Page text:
There’s a new person in command and control of the Africa Aerospace and Defence (AAD) exhibition set down for 18 to 22 September at Air Force Base (AFB) Waterkloof in Centurion.
Nakedi Phasha is no stranger to AAD, having been part of four – three as the staffer responsible for marketing and communications and one as an exhibitor.
She officially took over from previous exhibition director Michelle Nxumalo in November and becomes the third woman in the director’s chair of the 14-year-old exhibition. Leona Redlinghuys was the first to break what is generally termed “the glass ceiling” of men in the top positions at what is regarded as Africa’s premier defence and related sectors exhibition.
Phasha has committed to a five-year contract as AAD exhibition director and is nose to the grindstone to ensure AAD 2024 surpasses previous ones. Air Force Base Ysterplaat in Cape Town hosted AAD in 2006, 2008 and 2010 while major upgrades were underway on run- and taxiways at Waterkloof.
AAD has its origins in the Africa Aerospace civilian component of the 1975 Lanseria Air Show. It was the first of what came to be known as Aviation Africa at Lanseria hosted jointly by the Commercial Aviation Association of Southern Africa (CAASA) and World Airnews.
1995 saw another step nearer for AAD when AMD (the SA Aerospace, Maritime and Defence Industries Association) organised and hosted SAAF 75, an exhibition dedicated to the 75th anniversary of the SA Air Force. AFB Waterkloof, the SAAF transport hub or centre of excellence as it was once called, hosted SAAF 75.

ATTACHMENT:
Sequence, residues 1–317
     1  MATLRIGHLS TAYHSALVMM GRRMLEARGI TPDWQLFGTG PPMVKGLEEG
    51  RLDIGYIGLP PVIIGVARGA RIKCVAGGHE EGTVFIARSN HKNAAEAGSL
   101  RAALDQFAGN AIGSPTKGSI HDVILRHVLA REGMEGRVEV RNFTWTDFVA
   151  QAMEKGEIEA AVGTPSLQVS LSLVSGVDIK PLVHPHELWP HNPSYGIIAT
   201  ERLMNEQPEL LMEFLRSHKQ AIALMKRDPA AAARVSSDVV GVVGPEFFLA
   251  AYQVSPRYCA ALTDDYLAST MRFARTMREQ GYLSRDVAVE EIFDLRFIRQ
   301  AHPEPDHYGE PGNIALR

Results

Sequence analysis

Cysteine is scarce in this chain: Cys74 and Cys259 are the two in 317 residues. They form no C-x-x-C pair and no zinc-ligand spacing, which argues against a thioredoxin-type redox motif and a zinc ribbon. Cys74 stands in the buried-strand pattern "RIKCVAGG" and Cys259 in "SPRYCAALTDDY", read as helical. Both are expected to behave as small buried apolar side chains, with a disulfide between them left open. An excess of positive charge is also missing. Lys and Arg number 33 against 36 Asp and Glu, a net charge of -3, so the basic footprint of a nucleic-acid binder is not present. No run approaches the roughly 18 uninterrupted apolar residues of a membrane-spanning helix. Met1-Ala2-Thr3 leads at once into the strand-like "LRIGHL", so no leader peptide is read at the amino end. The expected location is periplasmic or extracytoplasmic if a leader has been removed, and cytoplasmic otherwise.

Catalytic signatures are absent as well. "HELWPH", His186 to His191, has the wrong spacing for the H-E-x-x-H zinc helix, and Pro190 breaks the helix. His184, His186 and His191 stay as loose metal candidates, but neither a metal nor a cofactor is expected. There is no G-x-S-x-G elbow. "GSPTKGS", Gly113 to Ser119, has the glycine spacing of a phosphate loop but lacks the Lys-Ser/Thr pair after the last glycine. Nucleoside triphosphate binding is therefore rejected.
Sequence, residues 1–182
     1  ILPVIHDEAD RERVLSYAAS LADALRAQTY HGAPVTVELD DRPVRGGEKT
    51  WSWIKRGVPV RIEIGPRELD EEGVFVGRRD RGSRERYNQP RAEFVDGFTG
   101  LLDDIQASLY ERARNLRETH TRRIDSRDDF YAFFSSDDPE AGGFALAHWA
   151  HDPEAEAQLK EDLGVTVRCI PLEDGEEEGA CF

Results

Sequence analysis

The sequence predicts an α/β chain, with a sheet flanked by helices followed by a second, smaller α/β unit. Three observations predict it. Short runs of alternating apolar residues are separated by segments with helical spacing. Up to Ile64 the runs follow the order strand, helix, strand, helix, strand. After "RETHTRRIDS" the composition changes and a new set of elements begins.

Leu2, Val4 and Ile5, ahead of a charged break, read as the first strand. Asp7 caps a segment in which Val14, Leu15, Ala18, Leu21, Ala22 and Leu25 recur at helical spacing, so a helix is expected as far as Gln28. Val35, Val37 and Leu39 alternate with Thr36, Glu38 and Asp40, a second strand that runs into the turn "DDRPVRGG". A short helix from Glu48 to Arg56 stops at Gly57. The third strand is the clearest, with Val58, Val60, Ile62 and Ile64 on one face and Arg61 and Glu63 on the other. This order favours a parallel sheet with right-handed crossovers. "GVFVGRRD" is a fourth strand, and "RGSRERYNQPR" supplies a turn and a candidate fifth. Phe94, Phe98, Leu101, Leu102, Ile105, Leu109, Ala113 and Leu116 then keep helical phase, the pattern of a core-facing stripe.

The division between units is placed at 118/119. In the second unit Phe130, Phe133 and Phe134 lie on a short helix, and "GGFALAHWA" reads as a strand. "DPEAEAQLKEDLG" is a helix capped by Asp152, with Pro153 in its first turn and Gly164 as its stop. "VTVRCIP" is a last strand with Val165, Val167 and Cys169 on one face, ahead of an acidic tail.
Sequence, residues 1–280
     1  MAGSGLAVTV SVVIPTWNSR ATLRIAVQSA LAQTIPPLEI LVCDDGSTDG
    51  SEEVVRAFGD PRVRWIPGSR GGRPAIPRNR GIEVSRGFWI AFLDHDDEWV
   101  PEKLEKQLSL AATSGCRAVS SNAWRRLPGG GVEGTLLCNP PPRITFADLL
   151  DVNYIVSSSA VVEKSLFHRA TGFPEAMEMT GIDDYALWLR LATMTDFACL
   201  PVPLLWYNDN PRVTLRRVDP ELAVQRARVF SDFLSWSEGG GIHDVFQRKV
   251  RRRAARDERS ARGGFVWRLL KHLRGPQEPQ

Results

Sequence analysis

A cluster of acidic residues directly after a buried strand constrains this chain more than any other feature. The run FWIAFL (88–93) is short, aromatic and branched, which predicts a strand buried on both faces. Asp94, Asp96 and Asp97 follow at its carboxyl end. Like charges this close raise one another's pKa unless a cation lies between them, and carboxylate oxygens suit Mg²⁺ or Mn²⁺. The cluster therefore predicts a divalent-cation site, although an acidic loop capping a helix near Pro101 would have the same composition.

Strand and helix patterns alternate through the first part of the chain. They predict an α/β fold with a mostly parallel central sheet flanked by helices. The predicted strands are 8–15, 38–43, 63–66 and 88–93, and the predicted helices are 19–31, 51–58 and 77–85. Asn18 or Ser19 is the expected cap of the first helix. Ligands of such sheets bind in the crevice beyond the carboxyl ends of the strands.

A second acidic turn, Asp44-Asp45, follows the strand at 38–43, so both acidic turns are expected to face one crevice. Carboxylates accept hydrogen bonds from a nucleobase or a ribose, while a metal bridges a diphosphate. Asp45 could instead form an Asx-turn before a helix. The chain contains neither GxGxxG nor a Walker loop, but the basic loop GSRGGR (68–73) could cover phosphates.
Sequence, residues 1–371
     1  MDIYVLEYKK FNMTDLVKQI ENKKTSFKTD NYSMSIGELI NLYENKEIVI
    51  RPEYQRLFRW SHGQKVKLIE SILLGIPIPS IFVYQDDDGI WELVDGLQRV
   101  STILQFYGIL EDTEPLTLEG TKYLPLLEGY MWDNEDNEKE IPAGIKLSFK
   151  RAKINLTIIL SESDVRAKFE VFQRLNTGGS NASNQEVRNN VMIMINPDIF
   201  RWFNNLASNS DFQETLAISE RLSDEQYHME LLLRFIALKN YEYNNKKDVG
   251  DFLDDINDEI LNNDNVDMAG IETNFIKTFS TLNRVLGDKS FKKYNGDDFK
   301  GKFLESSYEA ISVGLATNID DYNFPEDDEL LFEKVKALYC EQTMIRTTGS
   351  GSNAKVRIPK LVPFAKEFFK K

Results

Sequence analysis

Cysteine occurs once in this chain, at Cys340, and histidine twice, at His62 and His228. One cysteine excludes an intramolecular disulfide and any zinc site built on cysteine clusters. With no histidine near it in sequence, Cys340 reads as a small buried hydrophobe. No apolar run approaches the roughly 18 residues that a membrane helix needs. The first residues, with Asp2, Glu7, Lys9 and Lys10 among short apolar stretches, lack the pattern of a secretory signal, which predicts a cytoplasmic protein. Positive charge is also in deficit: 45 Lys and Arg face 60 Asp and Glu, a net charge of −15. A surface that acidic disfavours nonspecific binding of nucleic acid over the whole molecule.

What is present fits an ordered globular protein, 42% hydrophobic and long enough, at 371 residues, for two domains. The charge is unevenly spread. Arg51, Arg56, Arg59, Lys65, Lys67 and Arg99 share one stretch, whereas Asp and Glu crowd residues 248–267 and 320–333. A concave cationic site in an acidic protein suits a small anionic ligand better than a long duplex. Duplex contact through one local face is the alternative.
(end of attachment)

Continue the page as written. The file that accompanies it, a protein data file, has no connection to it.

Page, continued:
The success of SAAF 75 saw demand for an expanded military exhibition and air show which culminated in AMD and CAASA partnering for Aerospace Africa at the Centurion base. The 1998 exhibition, according to AAD, attracted 254 trade exhibitors from 21 countries.
Come 2000, Aerospace Africa combined with the Armscor-organised DEXSA (Defence Exhibition of SA) and AAD became a reality. The defence and security state-owned enterprise organised and presented a number of DEXSAs in the nineties at AFB Waterkloof and the nearby Gerotek and Paardefontein test facilities for vehicles. Excursions to Simon’s Town and Alkantpan allowed exhibition delegates to see the SA Navy (SAN) up close and personal as well as the artillery prowess of the locally designed and manufactured G5 and G6 artillery pieces.
The first AAD was hosted by AMD, CAASA and Armscor with support from government in the form of the Department of Defence (DoD) and the then Department of Trade and Industry (DTI), now the Department of Trade, Industry and Competition (DTIC).
Since 2012 AAD has been back at its place of birth with that year’s exhibition attracting 40 000 plus trade visitors from 28 countries, 120 visiting delegations and 84 aircraft.